Length of Credit History (15%)
How long have you had established credit files?
If you are very new to taking on credit, lenders look at you as an increased risk. Two values are factored here - your oldest account and your average age of accounts.
Open accounts continue to age, increasing the average age of accounts. Closed accounts still factor into average age, but they do not gain additional age after closing. Closed accounts will also drop from this calculation after a certain amount of time, depending on the bureau.
Amount of New Credit (10%)
Again, two items are factored into this portion of your score - your most recently opened account and your number of new inquiries. Each time you apply for credit, the lender will likely "run" your credit report. This shows up as a new inquiry and will lower your score slightly (2-20 points). The affect of this inquiry drops off after a certain amount of time.
Credit Mix (10%)
This portion of your score is determined by the types of credit you currently have open. Credit cards, installment loans, mortgages...each affect your score slightly. In general, it is better to have different types of loans than a single type.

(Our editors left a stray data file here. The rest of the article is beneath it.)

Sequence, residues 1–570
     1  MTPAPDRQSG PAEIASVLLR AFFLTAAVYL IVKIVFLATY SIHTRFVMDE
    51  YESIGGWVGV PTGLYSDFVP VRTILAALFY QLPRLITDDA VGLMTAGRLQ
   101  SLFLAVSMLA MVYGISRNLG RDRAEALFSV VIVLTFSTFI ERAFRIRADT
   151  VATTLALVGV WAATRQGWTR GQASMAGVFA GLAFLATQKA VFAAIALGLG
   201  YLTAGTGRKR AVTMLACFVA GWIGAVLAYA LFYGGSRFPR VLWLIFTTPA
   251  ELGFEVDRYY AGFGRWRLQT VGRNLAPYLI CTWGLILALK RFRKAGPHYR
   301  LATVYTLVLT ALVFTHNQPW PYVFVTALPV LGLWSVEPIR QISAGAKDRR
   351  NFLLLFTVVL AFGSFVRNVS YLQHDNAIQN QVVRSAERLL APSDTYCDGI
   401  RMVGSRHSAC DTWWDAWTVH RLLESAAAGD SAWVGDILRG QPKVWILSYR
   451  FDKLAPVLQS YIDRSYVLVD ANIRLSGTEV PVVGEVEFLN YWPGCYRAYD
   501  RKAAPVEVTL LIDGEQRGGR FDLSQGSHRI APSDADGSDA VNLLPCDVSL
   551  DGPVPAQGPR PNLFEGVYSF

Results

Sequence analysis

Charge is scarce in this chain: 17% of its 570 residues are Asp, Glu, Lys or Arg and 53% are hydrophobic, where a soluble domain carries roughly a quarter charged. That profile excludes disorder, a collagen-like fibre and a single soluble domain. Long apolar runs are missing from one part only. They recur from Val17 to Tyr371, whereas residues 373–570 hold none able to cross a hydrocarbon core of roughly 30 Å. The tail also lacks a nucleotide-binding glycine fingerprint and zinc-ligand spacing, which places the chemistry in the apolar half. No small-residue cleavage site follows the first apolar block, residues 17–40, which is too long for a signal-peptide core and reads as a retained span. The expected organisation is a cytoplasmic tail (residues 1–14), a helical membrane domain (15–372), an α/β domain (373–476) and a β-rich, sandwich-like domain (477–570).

Issues and Criticisms
Other than the obvious fact that we do not know exactly how a credit score is derived (past the weights described above), there are a few strong criticisms of the credit scoring system.
First, I take issue with how Amount of Debt is treated. In my case, I utilize a Home Equity Line of Credit for a portion of my home loan. From a credit scoring standpoint, this is viewed as revolving credit (i.e. in the same bucket as credit cards, even though the two types of loans could not be more different).
If the HELOC were considered as a traditional loan, this would not affect my credit utilization (currently sitting at 49% of my available credit). Note that this does not damage my score as if I were utilizing 49% of credit card credit, but it does affect it nonetheless.
Second, the length of credit history metric can drive poor decisions. Taken at face value, it appears to be the best course of action to sign up for a credit card as soon as you can to "begin establishing credit." In fact, I followed this idea my Freshman year of college even though I did not need a credit card.